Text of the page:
II) Then describe the differences between Dimictic, Monomictic and Polymictic types of Holomictic Lakes. Give an example of each type (i.e., geographic place name from anywhere in the world). [10 mks]

In monomictic lakes (e.g. Lake Washington, WA) the mixing occurs once a year [mono]; in dimictic lakes (e.g. Kootenay Lake, BC) the mixing occurs twice a year [di] (typically together with spring and autumn storms), and in polymictic lakes (e.g. Southern Indian Lake, MB) the mixing occurs several times a year [poly].

b) Describe the development and the breakdown of a thermocline in the top 100 metres of the Pacific Ocean offshore of Canada. Include a diagram with your answer. [10 mks]

Starting the annual circle in March where we have a uniform temperature of this the top 100m portion of the ocean, which tend to be at the time of storms and lower temperatures than January which in turn will contribute to complete mixing of this portion. This is essential that both happen at the same time, i.e. a late summer storm (Sept/Oct) will only stir the portion above the thermocline.

With increasing surface water temperatures a thermocline starts to develop with a beginning in April/May it’ll grow more pronounced during the summer months, from the summer warmth, with it being fully developed in August.

A second less defined thermocline can also develop in the middle of the summer at greater depths (45m on the diagram). Temperatures quickly decreases from that point, from about 8⁰C to around 4.5⁰C as we descend further down to 100m.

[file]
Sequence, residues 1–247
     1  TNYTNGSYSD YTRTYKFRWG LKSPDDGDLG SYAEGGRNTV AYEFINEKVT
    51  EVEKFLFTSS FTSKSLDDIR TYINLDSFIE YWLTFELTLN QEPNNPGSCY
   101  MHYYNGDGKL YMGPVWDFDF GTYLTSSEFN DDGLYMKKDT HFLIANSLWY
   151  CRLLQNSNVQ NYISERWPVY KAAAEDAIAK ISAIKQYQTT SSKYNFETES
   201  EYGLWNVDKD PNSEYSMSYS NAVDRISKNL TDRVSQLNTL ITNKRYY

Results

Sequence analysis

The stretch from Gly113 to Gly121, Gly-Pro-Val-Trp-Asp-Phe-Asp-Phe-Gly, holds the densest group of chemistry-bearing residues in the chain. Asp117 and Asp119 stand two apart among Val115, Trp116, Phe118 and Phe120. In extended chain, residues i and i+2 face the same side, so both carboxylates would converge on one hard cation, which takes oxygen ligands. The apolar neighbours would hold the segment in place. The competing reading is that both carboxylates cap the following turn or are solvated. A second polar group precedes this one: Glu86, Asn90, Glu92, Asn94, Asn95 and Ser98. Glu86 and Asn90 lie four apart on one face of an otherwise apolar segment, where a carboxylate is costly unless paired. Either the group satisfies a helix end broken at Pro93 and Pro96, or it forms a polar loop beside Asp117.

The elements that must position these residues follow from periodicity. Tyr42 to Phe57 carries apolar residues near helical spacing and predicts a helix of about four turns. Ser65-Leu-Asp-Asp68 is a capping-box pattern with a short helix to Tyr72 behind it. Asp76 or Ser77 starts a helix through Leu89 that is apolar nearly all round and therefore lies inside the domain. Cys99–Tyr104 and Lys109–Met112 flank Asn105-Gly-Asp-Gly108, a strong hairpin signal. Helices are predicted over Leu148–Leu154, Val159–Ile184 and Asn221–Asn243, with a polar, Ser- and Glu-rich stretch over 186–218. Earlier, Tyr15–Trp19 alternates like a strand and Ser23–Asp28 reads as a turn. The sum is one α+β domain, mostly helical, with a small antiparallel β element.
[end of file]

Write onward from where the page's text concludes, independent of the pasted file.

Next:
Starting in August it gets a little bit cooler and the thermocline starts to sink. In September we can see the thermocline being almost 10m deeper as in August and the second level has been leveled out. This trend continues in November and January, where just after the new-year in January the temperature is fairly homogeneous throughout the top 100m with the thermocline sinking even further and can be found just around the 100m mark. One reason for it not getting cooler during January, and having March as the coolest month, could be ice-coverage and thus not allowing winter storms circulate and mix the water.

5. Describe the events (offshore and in the water basins of Juan de Fuca Strait, Haro Strait and Satellite Channel) which results in complete or partial turnover of bottom water in Saanich Inlet.

[10 mks ]


The major components of the oceanography of the Saanish Inlet is quite complicated and it’s unusual, if not unique, in that there is little freshwater input and therefore no estuarine circulation.
The currents in the Pacific ocean changes along the west coast of North America during the year, due to the high and low pressure systems change as discussed in Q2. In summery; a semi-permanent low pressure over the Aleutian Islands (Alaska) causes a strong northbound current, warmer water with lower salinity, named Davidson Current along the west coast of Canada during the winters. This causes downdwelling along the coast of Vancouver Island.